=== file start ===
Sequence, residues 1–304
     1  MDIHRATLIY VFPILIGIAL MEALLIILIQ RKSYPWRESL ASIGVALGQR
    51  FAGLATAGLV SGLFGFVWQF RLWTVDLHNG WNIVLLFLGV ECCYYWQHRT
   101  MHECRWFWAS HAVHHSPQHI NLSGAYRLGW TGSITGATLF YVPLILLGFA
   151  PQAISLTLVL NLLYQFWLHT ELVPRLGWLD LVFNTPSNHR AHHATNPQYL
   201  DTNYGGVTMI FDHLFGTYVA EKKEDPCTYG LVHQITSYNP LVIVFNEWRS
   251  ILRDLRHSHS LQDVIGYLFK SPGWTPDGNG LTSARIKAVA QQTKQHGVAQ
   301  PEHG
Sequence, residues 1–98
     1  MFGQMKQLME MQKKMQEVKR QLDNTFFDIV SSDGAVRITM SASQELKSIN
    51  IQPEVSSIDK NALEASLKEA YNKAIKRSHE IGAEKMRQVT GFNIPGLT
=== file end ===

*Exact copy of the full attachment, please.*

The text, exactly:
Sequence, residues 1–304
     1  MDIHRATLIY VFPILIGIAL MEALLIILIQ RKSYPWRESL ASIGVALGQR
    51  FAGLATAGLV SGLFGFVWQF RLWTVDLHNG WNIVLLFLGV ECCYYWQHRT
   101  MHECRWFWAS HAVHHSPQHI NLSGAYRLGW TGSITGATLF YVPLILLGFA
   151  PQAISLTLVL NLLYQFWLHT ELVPRLGWLD LVFNTPSNHR AHHATNPQYL
   201  DTNYGGVTMI FDHLFGTYVA EKKEDPCTYG LVHQITSYNP LVIVFNEWRS
   251  ILRDLRHSHS LQDVIGYLFK SPGWTPDGNG LTSARIKAVA QQTKQHGVAQ
   301  PEHG
Sequence, residues 1–98
     1  MFGQMKQLME MQKKMQEVKR QLDNTFFDIV SSDGAVRITM SASQELKSIN
    51  IQPEVSSIDK NALEASLKEA YNKAIKRSHE IGAEKMRQVT GFNIPGLT